Open science – what’s the matter

14 December 2017

The first time I heard someone talking about open science a few years ago, I first thought naively: “What’s the matter? Important values of science have been always openness, collaboration and sharing.” When the first academic societies andjournals appeared nearly 400 years ago, they aimed for the free sharing, circulation and spread of scientific knowledge. But, as Professor Brian Nosek from the Open Science Centre points out,
information sharing within the scientific community has changed over the last few decades, becoming more “closed” and less accessible.

For example, if you are at a university in a developed country, you probably do not realize how costly it is
to access scientific literature. Looking for data from other scientists is a headache-inspiring process as the amount of data available grows exponentially, there are multiple data formats and the metadata is not standardized. You are overloaded with grant and paper writing because that is how your scientific career is valuated, and you keep complaining when citizens do not understand why research requires so much investment.

Citing the words of European Commissioner Carlos Moedas, open science is a “new approach to the scientific process based on cooperative work and new ways of diffusing knowledge by using digital technologies and new collaborative tools”. Since 2016, I have had the privilege of representing the EU-LIFE alliance (www.eu-life.eu) at the European Open Science Platform (OSPP). VIB and CRG, the institute where I work, are co-founders of EU-LIFE, an alliance of 13 European institutes in life sciences that want to have strong voices in European science policy. The OSPP is a multi-stakeholder group with representatives from universities, research centers, learned societies, publishers, libraries and funders to advise Commissioner Moedas in developing and implementing a European policy agenda on open science. Being part of the OSPP has been a very enriching experience that has allowed me to exchange views and build joint recommendations on open science.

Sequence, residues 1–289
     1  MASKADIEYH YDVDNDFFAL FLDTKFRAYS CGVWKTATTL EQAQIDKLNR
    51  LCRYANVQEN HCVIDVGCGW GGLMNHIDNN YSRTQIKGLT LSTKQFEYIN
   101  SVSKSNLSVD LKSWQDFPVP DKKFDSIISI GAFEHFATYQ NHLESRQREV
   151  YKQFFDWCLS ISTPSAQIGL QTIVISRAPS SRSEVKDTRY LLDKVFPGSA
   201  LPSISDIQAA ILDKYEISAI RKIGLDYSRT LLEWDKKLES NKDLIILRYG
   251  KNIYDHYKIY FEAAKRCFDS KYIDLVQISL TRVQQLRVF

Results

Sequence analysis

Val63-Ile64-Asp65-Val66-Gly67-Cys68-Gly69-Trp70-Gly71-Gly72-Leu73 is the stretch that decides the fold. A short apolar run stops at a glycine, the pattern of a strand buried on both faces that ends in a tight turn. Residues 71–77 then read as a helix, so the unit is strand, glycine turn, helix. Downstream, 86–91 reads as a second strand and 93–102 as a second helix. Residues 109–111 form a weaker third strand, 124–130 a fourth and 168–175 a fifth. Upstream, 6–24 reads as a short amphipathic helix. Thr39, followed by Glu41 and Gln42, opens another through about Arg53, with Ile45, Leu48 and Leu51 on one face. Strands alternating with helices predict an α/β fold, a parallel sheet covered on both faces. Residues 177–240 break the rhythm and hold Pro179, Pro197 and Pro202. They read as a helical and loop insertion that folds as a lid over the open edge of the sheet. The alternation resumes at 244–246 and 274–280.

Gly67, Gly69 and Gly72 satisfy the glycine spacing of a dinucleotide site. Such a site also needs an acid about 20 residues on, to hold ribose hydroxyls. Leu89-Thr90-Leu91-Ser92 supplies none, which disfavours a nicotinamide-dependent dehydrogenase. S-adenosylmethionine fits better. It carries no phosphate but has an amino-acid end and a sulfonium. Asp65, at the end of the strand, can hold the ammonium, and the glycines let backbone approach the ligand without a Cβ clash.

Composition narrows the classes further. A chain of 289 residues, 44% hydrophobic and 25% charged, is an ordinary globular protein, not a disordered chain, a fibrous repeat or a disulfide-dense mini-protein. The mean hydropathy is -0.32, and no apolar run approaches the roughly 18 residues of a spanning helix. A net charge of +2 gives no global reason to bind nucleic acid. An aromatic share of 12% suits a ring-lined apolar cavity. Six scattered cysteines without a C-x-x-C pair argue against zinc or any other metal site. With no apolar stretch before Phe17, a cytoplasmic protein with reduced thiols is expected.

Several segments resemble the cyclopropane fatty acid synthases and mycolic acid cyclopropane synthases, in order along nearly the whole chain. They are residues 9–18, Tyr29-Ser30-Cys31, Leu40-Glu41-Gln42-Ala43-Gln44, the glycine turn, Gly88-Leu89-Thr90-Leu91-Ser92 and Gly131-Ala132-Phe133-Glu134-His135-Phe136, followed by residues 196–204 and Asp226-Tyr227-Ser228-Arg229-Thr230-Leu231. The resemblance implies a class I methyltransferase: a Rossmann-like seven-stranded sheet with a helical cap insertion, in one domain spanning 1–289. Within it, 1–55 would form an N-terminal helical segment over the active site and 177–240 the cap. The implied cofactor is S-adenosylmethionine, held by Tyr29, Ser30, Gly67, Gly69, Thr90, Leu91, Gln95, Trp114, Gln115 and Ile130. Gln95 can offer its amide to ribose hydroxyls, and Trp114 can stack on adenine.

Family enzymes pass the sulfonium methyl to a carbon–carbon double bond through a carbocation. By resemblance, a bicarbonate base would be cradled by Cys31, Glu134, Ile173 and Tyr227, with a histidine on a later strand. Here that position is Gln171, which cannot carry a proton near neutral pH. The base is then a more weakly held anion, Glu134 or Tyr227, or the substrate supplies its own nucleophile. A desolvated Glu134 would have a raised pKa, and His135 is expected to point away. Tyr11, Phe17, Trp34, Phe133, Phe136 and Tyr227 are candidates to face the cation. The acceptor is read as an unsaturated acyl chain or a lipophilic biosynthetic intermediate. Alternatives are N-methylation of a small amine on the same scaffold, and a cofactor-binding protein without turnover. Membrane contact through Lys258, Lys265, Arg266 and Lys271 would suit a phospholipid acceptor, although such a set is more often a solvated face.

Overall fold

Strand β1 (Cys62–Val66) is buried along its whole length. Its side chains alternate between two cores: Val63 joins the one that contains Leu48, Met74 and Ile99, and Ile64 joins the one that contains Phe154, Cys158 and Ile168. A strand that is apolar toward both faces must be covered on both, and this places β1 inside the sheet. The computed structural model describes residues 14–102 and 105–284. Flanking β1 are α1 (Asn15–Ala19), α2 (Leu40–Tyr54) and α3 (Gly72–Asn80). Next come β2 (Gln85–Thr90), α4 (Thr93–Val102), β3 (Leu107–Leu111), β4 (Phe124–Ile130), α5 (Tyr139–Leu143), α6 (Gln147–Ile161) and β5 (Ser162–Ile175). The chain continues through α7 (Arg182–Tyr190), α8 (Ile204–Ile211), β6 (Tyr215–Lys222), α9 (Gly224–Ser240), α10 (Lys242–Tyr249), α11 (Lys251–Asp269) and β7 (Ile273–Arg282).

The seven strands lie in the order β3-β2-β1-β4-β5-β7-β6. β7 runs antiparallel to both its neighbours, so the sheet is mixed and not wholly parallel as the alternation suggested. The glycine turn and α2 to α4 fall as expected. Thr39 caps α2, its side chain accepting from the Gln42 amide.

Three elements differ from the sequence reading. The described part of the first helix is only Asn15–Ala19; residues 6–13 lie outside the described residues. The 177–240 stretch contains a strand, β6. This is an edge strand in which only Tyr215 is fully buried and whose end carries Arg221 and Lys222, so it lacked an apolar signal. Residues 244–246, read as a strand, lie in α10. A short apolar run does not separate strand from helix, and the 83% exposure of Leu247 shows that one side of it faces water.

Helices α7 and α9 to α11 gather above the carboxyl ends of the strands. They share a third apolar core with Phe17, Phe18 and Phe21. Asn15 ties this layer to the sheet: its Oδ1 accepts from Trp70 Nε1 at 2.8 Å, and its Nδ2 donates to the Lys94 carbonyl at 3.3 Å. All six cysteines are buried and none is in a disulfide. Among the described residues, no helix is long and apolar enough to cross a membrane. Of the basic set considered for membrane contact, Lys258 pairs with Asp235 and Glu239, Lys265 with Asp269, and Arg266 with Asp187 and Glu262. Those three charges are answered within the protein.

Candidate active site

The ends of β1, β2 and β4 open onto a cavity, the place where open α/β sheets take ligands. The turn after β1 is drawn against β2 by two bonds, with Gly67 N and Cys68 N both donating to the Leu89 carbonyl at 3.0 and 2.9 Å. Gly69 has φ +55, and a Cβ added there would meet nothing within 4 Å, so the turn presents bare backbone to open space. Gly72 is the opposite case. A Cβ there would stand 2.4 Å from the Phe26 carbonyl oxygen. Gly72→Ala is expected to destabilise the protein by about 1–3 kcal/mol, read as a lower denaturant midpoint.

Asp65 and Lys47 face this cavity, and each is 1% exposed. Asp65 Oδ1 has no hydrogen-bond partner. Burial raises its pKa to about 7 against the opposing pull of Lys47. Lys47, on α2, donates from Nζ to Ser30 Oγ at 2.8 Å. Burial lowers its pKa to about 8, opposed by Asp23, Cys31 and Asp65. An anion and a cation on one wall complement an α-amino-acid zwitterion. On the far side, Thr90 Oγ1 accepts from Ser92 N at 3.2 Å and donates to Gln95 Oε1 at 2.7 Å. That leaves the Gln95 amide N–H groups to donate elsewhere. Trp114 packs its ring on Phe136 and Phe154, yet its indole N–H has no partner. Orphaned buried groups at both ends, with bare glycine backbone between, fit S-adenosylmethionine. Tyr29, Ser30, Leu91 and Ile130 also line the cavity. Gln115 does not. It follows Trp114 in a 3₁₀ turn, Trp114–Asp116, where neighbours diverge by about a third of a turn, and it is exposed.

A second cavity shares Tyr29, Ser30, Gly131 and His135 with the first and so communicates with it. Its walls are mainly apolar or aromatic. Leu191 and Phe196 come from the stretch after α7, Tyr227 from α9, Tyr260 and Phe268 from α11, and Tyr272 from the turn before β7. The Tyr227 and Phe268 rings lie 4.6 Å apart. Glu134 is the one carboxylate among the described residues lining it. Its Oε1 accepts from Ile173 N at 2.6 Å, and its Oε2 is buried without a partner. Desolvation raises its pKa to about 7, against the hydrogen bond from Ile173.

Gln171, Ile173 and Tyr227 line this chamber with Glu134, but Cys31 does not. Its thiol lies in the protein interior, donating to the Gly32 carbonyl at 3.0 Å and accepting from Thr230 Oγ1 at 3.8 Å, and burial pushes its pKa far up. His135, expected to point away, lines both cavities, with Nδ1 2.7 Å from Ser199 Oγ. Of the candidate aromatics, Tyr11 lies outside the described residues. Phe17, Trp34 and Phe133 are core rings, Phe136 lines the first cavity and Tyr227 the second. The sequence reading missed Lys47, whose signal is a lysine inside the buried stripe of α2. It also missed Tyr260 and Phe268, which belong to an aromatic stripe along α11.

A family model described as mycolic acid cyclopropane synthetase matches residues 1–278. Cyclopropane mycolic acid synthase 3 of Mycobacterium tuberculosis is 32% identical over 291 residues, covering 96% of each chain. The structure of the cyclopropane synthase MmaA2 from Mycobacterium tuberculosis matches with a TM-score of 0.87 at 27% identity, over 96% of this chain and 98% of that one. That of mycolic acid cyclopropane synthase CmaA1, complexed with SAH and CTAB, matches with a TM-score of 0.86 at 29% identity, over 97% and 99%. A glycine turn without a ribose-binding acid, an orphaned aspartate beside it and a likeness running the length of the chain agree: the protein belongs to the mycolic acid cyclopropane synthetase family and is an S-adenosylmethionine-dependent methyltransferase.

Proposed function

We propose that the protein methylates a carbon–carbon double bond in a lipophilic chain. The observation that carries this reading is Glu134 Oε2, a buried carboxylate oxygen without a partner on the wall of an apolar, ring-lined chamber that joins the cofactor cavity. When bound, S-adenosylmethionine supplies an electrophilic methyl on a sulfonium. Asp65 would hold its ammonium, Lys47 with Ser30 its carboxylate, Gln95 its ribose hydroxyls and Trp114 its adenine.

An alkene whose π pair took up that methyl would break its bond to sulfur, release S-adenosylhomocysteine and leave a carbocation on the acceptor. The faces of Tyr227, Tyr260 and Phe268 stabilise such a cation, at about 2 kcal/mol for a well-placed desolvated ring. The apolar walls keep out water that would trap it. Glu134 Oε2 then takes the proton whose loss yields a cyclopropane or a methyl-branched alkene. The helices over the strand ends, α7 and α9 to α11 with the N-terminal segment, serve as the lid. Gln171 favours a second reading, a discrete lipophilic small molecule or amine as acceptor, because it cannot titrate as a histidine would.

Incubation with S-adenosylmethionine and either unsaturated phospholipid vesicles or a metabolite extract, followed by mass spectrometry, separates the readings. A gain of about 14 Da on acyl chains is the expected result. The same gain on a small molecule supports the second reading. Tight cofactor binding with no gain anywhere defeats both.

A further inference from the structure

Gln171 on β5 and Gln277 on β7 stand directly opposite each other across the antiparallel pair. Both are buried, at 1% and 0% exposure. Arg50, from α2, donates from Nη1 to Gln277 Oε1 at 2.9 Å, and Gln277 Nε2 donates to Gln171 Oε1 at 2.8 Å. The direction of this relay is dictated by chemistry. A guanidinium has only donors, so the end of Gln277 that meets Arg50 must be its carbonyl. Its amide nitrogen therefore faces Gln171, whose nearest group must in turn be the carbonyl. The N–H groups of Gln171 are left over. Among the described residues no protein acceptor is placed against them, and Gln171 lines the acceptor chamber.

We can think of open science as a growing tree branching out to bring open access to scientific literature and data to scientists and society, and open participation with many different actors to enrich science with multiple views and methods. To make open science more “concrete”, the OSPP is currently working on eight priorities: open access to publications, FAIR (findable, accessible, interoperable and reusable) data, the European Open Science Cloud, citizen science, research integrity, skills, rewards and incentives, and extgeneration metrics. After spending a few years working in this field, I am now convinced that open science does indeed matter to all of us involved in research, as well as society at large. Are you sharing your data in FAIR databases? Are you publishing your work in preprint repositories? Are you enthusiastic about engaging the public in your research? I would be very happy to hear your views on these topics and trigger the discussion at EU-LIFE and the OSPP. Let’s work together to make open science happen!


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Michela Bertero (Head of International and Scientific Affairs, Centre for Genomic Regulation, Barcelona, Member of EU-LIFE strategy working group, Member of the European Open Science Policy Platform)